There are many flexible, cost-effective countermeasures that are proven to reduce rural roadway departure (aka lane departure) crashes. They can be installed in various situations and on many types of roadways. Countermeasures can be used individually or in combination.
3 ways to prevent rural roadway departure deaths
FoRRRwD has three objectives for reducing the number or severity of rural lane departures – keep vehicles in the lane, reduce the potential for crashes if vehicles do leave their lane, and minimize severity if a crash does happen. There are specific countermeasures that apply to each objective.
Countermeasures to Keep Vehicles on Roadways:
In the United States, over half of all traffic fatalities involve a roadway departure. The most cost-effective solution to reduce the number of crashes, injuries, and fatalities due to roadway departure is to strategically focus efforts on implementing countermeasures that will keep the vehicles on roadway.
Improving pavement friction, alerting drivers with rumble strips, enhancing delineation along horizontal curves, and improving nighttime visibility are effective practices that FHWA encourages agencies to explore in order to keep vehicles on the roadway.
Countermeasures that Provide for a Safe Recovery:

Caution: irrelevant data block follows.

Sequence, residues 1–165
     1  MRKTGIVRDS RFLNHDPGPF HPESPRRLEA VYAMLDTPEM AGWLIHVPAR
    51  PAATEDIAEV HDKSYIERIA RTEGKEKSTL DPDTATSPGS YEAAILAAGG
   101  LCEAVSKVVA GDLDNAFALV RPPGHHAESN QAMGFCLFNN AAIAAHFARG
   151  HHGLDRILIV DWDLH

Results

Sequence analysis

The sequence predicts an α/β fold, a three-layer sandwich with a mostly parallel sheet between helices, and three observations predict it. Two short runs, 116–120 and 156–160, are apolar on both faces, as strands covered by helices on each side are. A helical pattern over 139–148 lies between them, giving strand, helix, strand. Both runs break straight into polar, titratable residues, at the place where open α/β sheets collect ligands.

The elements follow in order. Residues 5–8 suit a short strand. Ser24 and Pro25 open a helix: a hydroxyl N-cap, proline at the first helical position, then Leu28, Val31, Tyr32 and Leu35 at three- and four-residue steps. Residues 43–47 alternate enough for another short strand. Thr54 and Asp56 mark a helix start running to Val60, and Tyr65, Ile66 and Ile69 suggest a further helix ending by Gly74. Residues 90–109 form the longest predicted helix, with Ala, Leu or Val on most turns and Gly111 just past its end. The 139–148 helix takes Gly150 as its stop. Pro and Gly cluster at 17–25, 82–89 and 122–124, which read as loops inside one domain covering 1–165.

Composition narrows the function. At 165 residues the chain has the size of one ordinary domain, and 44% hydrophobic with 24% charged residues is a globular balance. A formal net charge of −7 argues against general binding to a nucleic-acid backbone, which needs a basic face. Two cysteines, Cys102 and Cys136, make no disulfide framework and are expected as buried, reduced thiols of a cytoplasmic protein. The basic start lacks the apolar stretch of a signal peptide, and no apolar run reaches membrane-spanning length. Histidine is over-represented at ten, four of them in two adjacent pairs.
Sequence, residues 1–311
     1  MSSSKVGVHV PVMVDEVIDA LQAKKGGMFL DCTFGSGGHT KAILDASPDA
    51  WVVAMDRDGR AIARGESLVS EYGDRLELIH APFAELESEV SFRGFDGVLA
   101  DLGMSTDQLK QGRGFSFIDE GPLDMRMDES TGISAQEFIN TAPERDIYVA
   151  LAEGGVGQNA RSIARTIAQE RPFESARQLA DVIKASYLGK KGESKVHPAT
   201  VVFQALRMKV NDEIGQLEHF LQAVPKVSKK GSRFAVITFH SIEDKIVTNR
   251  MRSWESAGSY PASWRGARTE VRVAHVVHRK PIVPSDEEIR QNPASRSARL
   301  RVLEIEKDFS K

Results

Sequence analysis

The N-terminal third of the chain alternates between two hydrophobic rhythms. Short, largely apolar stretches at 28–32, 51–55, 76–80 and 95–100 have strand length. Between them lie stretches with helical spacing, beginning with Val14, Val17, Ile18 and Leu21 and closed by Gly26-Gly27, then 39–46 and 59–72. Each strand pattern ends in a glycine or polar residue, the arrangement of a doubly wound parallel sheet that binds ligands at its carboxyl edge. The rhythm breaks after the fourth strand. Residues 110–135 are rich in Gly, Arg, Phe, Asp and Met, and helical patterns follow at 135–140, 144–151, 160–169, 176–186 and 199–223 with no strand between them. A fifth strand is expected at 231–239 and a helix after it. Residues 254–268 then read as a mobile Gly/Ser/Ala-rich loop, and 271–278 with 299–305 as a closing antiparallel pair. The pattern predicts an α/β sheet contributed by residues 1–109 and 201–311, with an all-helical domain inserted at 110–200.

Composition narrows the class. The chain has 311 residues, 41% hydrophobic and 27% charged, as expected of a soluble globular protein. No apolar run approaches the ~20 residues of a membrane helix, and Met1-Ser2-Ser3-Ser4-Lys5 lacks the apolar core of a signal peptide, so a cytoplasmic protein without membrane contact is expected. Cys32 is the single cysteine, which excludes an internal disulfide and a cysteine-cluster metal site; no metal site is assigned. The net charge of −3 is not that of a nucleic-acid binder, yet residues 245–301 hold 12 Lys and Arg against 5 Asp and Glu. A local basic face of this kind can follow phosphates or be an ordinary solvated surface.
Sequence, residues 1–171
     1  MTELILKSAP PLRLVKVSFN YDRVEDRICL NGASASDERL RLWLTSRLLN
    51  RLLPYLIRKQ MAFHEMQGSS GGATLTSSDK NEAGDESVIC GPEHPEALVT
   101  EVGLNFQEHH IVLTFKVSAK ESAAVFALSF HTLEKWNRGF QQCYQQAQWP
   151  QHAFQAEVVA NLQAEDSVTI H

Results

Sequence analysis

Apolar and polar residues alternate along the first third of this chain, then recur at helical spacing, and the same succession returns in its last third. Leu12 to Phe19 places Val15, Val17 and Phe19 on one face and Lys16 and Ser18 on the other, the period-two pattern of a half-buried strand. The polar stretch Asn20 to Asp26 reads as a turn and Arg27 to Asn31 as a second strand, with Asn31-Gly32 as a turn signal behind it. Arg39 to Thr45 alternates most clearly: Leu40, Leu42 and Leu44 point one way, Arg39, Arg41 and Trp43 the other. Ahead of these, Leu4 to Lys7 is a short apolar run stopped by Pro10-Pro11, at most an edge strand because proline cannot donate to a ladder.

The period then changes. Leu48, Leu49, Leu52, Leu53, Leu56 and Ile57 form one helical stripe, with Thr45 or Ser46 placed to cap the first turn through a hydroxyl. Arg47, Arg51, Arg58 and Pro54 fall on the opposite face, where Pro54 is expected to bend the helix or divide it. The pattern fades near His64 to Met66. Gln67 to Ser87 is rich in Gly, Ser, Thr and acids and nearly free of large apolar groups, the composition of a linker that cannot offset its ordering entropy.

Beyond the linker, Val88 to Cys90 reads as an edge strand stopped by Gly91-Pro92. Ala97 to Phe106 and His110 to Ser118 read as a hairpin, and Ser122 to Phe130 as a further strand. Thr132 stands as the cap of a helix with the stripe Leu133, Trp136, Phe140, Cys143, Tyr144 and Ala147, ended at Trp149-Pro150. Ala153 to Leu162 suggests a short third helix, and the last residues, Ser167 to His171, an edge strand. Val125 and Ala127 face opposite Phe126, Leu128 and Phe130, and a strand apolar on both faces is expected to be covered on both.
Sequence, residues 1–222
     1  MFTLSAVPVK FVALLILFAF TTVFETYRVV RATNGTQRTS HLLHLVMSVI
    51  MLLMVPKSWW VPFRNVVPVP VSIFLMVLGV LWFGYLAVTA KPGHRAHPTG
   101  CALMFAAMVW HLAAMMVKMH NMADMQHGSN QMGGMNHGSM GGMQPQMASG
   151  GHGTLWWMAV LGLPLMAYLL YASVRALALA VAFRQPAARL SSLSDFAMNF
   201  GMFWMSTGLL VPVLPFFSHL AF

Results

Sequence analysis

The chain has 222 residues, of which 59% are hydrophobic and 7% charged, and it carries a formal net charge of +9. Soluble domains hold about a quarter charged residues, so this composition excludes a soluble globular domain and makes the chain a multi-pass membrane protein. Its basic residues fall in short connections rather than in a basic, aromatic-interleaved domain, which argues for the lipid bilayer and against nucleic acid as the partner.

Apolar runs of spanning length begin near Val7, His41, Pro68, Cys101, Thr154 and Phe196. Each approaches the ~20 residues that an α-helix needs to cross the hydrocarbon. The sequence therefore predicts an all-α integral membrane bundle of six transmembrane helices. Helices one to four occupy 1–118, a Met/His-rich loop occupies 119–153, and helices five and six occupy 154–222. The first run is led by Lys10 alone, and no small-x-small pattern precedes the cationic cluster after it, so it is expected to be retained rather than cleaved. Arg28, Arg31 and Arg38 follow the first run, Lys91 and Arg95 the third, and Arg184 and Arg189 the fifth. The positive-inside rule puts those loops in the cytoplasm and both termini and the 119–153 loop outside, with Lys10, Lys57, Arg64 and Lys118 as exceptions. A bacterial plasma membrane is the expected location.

Roadway departures account for over half of all fatal crashes. Once vehicles have left the travel lane, providing an opportunity to reenter the travel way safely is a priority. Providing shoulders, safe pavement edges, and clear zones are effective means in which agencies can provide the opportunity for drivers to recover safely.
Hardware, such as barriers, sign supports, and work zone devices are commonly used to reduce the potential severity of crashes on the roadside. Crash testing is used to evaluate the crashworthiness of these devices.
The American Association of State Highway Transportation Officials (AASHTO) provides guidance related to the design and installation specifications of roadside hardware and safety hardware. The FHWA’s Federal-aid eligibility letters are provided as a service to the States and are not a requirement for roadside safety hardware to be eligible for Federal-aid reimbursement. As stated in our eligibility letters, “eligibility for reimbursement under the Federal-aid highway program does not establish approval, certification or endorsement of the device for any particular purpose or use.” Decisions regarding the purchase and use of roadside safety hardware devices are the responsibility of the transportation facility owner.
Understanding the performance of roadside safety hardware begins in a controlled, sterile laboratory environment using crash test scenarios and standards set and maintained via AASHTO’s Manual on Assessing Safety Hardware (MASH). However, laboratory tests cannot completely protect against all the variables and countless situations drivers may find themselves in. Therefore, FHWA encourages states to perform in-service performance evaluations to identify real world performance of hardware so all stakeholders have a more comprehensive understanding of these devices’ performance. For more information about in-service performance evaluation of roadside safety devices, please visit https://safety.fhwa.dot.gov/roadway_dept/countermeasures/reduce_crash_severity/guardrail_ispe.cfm.